by Craig M. Borowski
Employment-related claims remain at near all-time high levels, and most employers face them from time to time. Many attorneys would agree they have a “wish list” of things they would like to receive with their next employment lawsuit to help them successfully defend the case. Unfortunately, to the detriment of an [...]
Archive for the 'Termination' Category
by Craig M. Borowski
by Al Vreeland
I report from the center of the Southeastern Conference (SEC)—where the arrival of winter means it’s firing time. Four of 14 SEC head football coaches have been sacked, and regardless of your tailgating preference, their terminations provide lessons on how to gracefully handle the exit of your top executives.
Penthouse to outhouse
No coach rode [...]
Employers generally go to great lengths to retain valued employees. They know the benefits of keeping good, experienced people and avoiding the costs of recruiting and training new hires. Sometimes, though, the words “I quit” are music to an employer’s ears. A problem employee out the door seems like a problem solved.
But is it? Suppose [...]
Seen any viral videos lately? Maybe a more pertinent question is: Fired anyone over a viral video lately? Videos and other social media posts run the gamut from cute kittens to dancing wedding parties. Sometimes, though, they delve into more serious subjects and become statements on political and social issues — issues that can embarrass [...]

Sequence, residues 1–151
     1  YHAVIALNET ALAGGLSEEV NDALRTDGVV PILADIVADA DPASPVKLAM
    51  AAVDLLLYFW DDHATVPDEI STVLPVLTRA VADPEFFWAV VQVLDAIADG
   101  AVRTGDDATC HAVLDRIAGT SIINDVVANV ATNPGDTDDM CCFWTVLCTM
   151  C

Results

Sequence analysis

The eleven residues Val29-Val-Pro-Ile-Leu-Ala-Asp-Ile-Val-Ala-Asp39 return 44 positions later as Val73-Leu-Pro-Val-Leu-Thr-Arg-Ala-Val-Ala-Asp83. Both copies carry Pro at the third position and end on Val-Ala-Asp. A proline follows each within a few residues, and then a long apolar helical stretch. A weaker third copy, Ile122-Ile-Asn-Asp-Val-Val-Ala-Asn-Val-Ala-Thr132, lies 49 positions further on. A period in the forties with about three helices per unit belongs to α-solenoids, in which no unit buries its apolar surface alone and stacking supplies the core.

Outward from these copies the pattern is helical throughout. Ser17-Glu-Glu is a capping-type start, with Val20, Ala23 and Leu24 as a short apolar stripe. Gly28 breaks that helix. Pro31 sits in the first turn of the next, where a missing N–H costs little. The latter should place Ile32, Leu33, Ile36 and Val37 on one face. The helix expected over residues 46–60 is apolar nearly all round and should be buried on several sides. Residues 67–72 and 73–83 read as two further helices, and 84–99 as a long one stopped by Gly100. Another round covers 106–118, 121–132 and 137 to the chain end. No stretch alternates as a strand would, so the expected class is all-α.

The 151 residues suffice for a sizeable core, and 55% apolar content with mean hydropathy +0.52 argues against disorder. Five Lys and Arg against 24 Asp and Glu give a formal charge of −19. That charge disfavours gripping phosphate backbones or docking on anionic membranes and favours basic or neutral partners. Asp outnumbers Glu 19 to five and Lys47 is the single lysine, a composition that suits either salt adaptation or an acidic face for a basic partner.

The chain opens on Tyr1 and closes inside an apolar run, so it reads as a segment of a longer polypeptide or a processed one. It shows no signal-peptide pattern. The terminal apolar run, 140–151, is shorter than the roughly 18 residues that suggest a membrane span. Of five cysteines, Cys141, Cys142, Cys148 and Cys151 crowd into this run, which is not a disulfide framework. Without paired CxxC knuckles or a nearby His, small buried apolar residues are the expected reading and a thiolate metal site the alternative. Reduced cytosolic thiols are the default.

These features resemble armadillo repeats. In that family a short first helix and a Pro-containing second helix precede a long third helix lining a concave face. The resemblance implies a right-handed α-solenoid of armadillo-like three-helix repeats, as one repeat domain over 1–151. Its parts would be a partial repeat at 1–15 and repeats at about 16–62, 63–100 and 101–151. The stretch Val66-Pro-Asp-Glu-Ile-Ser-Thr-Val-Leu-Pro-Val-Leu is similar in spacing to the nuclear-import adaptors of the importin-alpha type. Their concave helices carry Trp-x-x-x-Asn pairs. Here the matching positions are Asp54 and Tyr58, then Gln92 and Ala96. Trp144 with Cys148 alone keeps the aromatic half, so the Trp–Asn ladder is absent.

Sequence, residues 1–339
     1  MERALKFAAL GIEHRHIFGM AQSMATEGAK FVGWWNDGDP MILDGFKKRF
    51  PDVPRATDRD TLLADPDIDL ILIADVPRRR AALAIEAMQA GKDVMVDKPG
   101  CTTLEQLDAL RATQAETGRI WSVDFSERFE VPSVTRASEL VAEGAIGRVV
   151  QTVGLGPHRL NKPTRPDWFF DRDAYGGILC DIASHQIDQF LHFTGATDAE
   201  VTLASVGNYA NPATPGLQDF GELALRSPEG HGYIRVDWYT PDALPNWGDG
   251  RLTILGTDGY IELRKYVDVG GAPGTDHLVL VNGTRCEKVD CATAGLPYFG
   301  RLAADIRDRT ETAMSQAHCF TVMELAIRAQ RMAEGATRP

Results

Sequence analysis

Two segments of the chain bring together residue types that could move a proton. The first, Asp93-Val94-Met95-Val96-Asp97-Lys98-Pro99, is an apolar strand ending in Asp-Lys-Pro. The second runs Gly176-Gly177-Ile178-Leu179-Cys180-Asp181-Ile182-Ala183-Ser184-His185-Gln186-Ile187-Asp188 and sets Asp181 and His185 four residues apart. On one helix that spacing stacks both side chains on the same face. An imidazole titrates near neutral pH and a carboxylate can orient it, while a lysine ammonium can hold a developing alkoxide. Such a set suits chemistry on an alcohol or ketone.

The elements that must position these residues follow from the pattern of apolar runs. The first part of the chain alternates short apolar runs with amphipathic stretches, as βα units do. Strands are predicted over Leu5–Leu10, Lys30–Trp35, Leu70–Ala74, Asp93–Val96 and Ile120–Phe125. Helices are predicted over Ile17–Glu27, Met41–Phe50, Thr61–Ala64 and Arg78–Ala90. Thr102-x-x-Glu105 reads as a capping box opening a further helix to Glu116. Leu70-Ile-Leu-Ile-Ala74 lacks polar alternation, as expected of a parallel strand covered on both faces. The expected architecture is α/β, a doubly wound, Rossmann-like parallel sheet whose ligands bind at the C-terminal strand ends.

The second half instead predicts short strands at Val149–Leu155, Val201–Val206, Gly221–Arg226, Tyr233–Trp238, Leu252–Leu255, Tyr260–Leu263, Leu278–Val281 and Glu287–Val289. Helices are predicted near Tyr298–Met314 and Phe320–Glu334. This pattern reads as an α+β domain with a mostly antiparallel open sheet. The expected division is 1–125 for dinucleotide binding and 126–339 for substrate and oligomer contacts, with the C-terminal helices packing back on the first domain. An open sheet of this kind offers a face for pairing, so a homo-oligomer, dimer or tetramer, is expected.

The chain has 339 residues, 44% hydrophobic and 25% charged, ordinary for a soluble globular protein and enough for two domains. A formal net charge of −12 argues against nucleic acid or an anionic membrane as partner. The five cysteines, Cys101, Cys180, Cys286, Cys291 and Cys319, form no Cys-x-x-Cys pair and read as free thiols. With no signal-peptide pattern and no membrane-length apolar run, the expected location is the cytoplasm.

by Mark I. Schickman
There have been many lawsuits limiting the introduction of religion into the workforce. Employees who insist on a God-given right to bash gays at the workplace are subject to termination ― despite their right to express their religious beliefs. An employee whose religion opposes taking orders from women [...]
by Peter A. Jones
Few would question that the world has changed. Collectively, social media, unlimited Internet access, and a shift in the way news is gathered and reported have created a different and challenging environment when employees go “public.” Indeed, the very definition of what constitutes “news” is constantly evolving, as is the news cycle. [...]
by Jennifer L. Anderson
A federal court in New Orleans recently paved the way for the Equal Employment Opportunity Commission (EEOC) to move forward with an Americans with Disabilities Act (ADA) lawsuit on behalf of a severely obese employee. Whether obesity is a disability under the ADA and what an obese employee must prove to win [...]
by Jeffrey S. Beck
Most employers are aware that to meet the burden of establishing a discrimination claim under the indirect method (i.e., without “smoking gun” evidence of discriminatory intent), an employee must offer evidence that similarly situated individuals outside her protected class were treated more favorably. While that principle is well established, cases can turn [...]
The old saying goes that the devil is in the details. When considering the doctrine of at-will employment, it may be more correct to say the answers are in the details. But, that doesn’t mean some of those details aren’t a bit devilish to decipher.
HR professionals often struggle with termination decisions. The decision is easy [...]
The story of a Chicago woman fired from her job after she was caught working on her lunch break made national news earlier this year. It struck a chord with the general public because people were questioning why an employer would fire an employee for seemingly going the extra mile. If an employee is punished [...]